BlackBerry not yet dead on the vine
BENJ GALLANDER and BEN STADELMANN
Usually, stock analysts are a bit like an older, kindly uncle, somewhat dull but not a cross word to say about anyone. The closest they come to slagging a company is a mild suggestion that it is facing headwinds and might underperform for a while.
However, when it comes to Research in Motion, they gleefully use the acerbic wit of a late-night talk show comedian to tear the enterprise to shreds.
"RIM is not only late to the party, the party has moved to a different location and RIM is showing up at the wrong house," writes a guffawing Brian Blair of Wedge Partners.
"We believe BB10 is likely to be DOA," Pacific Crest's James Faucette says with a jab. Keeping with the death theme, Jan Dawson of Ovum suggested that RIM could be "stone-dead by Christmas."
But while the critics pile on, RIM's reaction has been a plucky Pythonesque "I'm not dead yet!" The RIM doubters are fixated on the dismal share of the U.S. smartphone market held by the BlackBerry, which has dwindled to an estimated 1.6 percent.
America's corporate and government elite were among the first wave of "CrackBerry" aficionados, and they were critical to the company's early success, but RIM has since moved on. BlackBerry is No. 1 in Africa, and has a solid presence in Southeast Asia and South America. The corporation's future is not in Philadelphia, but in the Philippines, where, on average, citizens send an incredible 120 texts daily.
Though it would be unwise to write off the American market, the teeming megacities of the emerging world offer a tremendous opportunity. In places where landlines and desktop computers are not the norm, a smartphone offers the potential to vault into the 21st century.
And while RIM's ability to use networks more efficiently is meaningless in countries with marvellous telecom infrastructures such as South Korea, it's a distinct advantage where carrier service is thin and creaky.
RIM reported results for the third quarter Thursday. The ensuing after-hours trading was a fascinating microcosm of the war of sentiment that has played out over the past few months. After closing at $13.95, the stock zoomed to $15.50 by 5 p.m., then promptly crashed to $12.35 about an hour later. Nearly 12 million shares traded overnight.
Why is the market behaving like a nervous jackrabbit? The answer is that CEO Thorsten Heins's report provided plenty of fodder for the hardened opinions on both sides of the debate. Optimists were delighted to learn that RIM's adjusted loss was far lower than the consensus estimate, and on a bottom-line basis, actually eked out a net profit of $9 million.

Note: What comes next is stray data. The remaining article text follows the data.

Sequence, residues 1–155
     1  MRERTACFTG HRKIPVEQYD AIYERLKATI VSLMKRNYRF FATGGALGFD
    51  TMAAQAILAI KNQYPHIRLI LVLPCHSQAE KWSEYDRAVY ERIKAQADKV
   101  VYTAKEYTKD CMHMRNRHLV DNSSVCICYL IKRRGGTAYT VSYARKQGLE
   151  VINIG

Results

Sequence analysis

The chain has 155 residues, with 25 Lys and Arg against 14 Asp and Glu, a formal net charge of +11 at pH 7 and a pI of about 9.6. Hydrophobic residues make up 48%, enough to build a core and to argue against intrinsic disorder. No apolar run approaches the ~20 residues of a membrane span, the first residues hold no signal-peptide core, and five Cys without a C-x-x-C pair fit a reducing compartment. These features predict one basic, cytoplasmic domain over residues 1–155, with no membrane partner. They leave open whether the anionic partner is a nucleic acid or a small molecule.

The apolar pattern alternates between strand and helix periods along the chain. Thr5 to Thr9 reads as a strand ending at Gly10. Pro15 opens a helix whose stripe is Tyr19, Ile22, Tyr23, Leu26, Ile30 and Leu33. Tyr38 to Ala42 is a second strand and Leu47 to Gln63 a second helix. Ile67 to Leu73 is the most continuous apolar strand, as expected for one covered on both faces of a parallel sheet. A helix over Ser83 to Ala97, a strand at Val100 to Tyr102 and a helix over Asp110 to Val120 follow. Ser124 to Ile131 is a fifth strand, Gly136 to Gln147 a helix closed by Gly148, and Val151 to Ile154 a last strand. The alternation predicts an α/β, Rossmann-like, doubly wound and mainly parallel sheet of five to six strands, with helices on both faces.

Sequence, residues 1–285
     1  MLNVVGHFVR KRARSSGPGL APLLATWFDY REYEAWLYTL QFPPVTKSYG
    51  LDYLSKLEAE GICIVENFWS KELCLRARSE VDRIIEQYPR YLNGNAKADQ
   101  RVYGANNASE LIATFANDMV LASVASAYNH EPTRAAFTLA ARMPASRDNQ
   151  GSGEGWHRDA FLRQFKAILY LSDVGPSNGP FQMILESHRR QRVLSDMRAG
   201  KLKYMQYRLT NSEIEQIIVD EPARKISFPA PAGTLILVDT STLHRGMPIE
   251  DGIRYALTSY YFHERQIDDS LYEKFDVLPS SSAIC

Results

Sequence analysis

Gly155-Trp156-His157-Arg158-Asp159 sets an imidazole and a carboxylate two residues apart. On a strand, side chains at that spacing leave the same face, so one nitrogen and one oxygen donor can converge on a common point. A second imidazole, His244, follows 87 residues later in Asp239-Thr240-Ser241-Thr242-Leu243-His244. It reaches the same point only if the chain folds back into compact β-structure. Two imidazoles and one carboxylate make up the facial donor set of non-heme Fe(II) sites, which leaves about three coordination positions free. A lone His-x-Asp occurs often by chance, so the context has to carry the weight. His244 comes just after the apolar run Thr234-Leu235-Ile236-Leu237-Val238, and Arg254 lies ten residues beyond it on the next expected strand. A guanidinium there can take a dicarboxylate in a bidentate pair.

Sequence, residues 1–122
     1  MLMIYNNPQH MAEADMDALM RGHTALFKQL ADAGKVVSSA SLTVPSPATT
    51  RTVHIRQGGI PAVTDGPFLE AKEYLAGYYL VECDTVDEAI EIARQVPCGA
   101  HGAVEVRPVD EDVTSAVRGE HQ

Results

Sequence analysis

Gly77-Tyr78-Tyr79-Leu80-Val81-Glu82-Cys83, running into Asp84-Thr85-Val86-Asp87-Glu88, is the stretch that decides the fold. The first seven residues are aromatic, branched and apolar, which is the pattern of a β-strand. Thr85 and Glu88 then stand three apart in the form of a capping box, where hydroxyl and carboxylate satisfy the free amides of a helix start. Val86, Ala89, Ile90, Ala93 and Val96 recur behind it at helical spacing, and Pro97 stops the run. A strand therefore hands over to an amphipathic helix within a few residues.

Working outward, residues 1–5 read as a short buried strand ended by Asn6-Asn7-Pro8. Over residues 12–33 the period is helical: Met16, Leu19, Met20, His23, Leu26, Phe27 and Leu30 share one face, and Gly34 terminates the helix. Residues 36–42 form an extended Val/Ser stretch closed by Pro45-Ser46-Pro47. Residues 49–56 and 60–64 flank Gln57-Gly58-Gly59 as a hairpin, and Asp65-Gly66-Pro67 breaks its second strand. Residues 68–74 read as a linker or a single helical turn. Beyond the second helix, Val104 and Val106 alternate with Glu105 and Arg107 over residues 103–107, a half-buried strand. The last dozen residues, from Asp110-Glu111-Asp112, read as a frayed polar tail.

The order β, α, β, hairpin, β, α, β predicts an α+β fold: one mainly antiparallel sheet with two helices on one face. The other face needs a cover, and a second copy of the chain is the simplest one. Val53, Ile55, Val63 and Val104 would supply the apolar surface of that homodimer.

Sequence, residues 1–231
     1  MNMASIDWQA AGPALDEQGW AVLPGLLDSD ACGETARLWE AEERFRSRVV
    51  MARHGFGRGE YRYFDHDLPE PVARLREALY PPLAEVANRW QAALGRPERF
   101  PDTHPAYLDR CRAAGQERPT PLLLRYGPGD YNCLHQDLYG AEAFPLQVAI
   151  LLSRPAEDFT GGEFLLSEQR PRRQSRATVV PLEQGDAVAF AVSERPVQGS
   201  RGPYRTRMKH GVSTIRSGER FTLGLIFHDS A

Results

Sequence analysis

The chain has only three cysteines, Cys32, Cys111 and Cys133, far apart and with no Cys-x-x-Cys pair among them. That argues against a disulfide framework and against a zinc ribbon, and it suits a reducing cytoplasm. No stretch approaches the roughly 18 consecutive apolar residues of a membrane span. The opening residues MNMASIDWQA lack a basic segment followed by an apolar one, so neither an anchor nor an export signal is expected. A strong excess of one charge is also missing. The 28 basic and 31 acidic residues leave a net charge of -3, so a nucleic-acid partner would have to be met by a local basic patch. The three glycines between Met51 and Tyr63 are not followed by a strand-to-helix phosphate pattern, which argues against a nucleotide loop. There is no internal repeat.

Doubts about not having enough cash to launch BB10 were quelled as the war chest swelled to $2.9 billion. And Mr. Heins assured shareholders of a terrific early response to BB10 from carriers around the globe, and significantly, that they are ready to spend their own money on marketing campaigns.
Mr. Heins also handed two key victories to detractors. Analysts have said for years that RIM's service-fee model was unsustainable and something had to give. That has now been acknowledged with a new tiered model aimed at keeping customers in the fold rather than maximizing revenue. Second, the steady curve of increasing subscriber counts has finally been cracked, down to 79 million from 80 million last quarter.
The thing to remember in this debate is that most of the folks pounding the table, both pro and con, are "talking their book." This includes yours truly, as RIM was purchased for the Vice-President's portfolio in November at $8.26. However, where the view here differs markedly from both sides is with the notion that RIM's bet on BB10 will have a binary outcome — i.e., it will either be the final nail in the coffin or return RIM to its glory days. Both of these results seem extreme; the balance of the probabilities suggest a more middling result.
The advance reviews of the BB10 have been strong as app developers have signed on, and the crucial support from carriers is there. It is unlikely that BB10 will change the minds of many Apple fanboys in the U.S., but overseas, it will help cement RIM's status as a top dog. The key issue there is affordability; people might fervently desire a flashy new BlackBerry, but that wish is difficult to fill for those with low disposable incomes.
Rather than a flop, or a gusher of revenue, a gradual uptake of the new hardware over many quarters seems reasonable. Now that Mr. Heins has turned RIM into a much leaner and more efficient enterprise, the belief here is that the corporation is not at death's door, but getting better. The positive fundamentals can over time move the stock to a target range of $22 to $25.